August 18, 2013 … a meandering homecoming

A leisurely breakfast and a good coffee is a good way to start the day.

After that, we were on the road, heading home from Taradale. With the gentle tolerance of Mary, my wife, and Paul, my brother-in-law, I was able to stop more or less as often as I needed for photographic purposes.

My first stop was the Pekapeka wetlands, ten km South of Hastings. We’ve been there before. Last summer’s extreme drought is long forgotten in terms of water levels, but oh, the bulrushes! There is dead foliage everywhere, looking for all the world like badly done craft weaving.

Birdlife seems less prolific than it was at this time last year. Nevertheless, I saw black swans, Australian coots, a myriad of Welcome swallows, mallard ducks, white-faced heron, shags, and a few dabchicks. First to make an appearance was a black swan, advancing majestically towards me like a gunboat ready to declare war. It turned away as I stood taking pictures.

Black swan in threat mode

That’s an impressive looking wake

Birds or not, the wetlands have a beauty of their own that varies as you move through the walkways. New weed growing underwater offers promise of re-greening.

Weed in the wetlands

As you may have noticed, I like the occasional abstractions

Areas where surface weed is aggregated by the current are already green.

Green reflections

It’s quite difficult to capture this without getting the road in the background

And then there are those dried and dead bulrushes. They offer shelter to birds and other life forms as evidenced by the swallows darting in to obtain large insects.

Welcome swallow eating unknown insect

Look at how dry the leaves of the rushes are

As you can see behind the swallow, those bulrushes are stone cold dead. They do however offer some interesting reflections.

Bullrush reflections

As I said, abstractions appeal to me

A little further South, somewhere before we reached Otane, I saw a landscape that so encapsulated my love of contrasting colour and texture that I could not pass it by without stopping for the picture.

Hawkes Bay landscape near Otane

I could not pass those colours and textures by

Then somewhere near Takapau there was a paddock full of black lambs. Oh how welcome is this Spring. I am really ready to believe it is here.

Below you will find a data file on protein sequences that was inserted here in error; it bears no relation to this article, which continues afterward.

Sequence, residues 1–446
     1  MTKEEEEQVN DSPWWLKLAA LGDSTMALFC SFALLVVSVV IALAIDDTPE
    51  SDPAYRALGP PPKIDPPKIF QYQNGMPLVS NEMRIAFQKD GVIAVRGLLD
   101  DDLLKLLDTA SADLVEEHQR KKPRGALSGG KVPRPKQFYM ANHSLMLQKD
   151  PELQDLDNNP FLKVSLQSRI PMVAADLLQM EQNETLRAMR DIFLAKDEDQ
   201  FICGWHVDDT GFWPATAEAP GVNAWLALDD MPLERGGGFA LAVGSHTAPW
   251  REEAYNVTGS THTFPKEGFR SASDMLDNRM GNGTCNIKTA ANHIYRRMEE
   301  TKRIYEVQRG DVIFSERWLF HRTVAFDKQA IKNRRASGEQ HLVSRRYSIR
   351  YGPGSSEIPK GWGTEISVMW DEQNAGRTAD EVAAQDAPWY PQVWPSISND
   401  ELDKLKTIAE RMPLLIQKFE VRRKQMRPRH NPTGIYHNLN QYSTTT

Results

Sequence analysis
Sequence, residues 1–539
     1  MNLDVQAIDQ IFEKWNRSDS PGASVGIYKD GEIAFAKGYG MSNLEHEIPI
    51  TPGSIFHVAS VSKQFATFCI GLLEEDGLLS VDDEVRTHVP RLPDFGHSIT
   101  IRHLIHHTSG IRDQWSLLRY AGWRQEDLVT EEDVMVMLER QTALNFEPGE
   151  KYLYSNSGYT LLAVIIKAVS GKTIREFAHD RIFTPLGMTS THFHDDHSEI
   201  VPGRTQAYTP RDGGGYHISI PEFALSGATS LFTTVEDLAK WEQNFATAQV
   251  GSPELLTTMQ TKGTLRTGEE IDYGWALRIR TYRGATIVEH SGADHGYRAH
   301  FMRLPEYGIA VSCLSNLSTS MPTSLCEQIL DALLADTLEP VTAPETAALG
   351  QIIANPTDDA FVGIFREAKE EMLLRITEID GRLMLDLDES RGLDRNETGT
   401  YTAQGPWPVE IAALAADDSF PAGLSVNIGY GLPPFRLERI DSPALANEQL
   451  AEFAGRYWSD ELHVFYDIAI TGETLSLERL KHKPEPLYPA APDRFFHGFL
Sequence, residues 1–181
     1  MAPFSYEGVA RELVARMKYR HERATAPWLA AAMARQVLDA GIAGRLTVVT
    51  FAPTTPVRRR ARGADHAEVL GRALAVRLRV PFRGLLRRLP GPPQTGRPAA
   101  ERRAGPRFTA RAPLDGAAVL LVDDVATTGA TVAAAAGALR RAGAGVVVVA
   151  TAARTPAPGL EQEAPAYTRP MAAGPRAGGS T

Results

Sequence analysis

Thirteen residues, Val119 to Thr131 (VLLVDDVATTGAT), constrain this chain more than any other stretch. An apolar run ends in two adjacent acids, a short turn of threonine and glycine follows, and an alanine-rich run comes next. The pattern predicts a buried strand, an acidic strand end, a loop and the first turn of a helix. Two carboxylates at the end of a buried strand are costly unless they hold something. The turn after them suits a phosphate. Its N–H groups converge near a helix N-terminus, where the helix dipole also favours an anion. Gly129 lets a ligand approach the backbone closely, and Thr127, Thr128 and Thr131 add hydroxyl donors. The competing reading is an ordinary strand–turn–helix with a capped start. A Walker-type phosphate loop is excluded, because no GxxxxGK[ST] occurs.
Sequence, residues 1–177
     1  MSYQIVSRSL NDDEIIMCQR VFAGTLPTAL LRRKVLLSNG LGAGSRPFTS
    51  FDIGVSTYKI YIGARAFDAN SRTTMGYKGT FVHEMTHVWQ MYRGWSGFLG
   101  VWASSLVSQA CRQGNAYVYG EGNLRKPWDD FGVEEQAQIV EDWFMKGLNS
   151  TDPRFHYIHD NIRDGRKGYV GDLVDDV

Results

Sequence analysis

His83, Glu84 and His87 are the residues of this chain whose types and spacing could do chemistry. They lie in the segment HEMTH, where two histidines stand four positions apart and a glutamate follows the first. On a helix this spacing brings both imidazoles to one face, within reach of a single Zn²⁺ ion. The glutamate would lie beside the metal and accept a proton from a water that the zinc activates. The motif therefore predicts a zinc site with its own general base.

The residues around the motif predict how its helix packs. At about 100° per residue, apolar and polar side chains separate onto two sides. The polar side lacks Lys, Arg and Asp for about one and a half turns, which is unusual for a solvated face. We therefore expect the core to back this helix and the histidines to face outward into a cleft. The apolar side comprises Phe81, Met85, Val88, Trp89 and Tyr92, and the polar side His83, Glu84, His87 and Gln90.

Lambing time

Those black sheep get a bad rap

As we approached Shannon on the back road to Levin a distant headlight and plume of black exhaust signalled the approach of a steam excursion running from Wellington, past their base in Paekakariki, to Otaki, Levin and Foxton.

Ja1271 with the throttle wide open

What a magnificent sight she made as she thundered by.

So here we are, back home again.

About wysiwygpurple

I am a family man, a passionate amateur photographer and a retired academic . What's the purpose of this blog? Well in the first instance it provides me with a platform from which to resume writing, an activity I greatly enjoy. What will the blog be about? Anything that takes my fancy but it is likely to arise from things I see and experience, in my family, in my travels, or anything else I feel like. Each daily post will contain one or more images made the previous day. Sometimes the image will illustrate the points made in the prose, and sometimes the prose will attempt to interpret the image. What kind of images will they be? Always safe for work and family. Usually they will be representational, and sometimes they will be impressionistic or experimental.
This entry was posted in Animals, Birds, Hawkes Bay, Landscapes, Machinery, Napier, Pekapeka, Railway. Bookmark the permalink.

2 Responses to August 18, 2013 … a meandering homecoming

  1. Nice images, the last four.

  2. Adam Rosner says:

    I recommend one of those steam excursions, if you haven’t already done one. Especially the trip through the Manawatu Gorge. To see how precariously the road clings to the cliffs is quite something!

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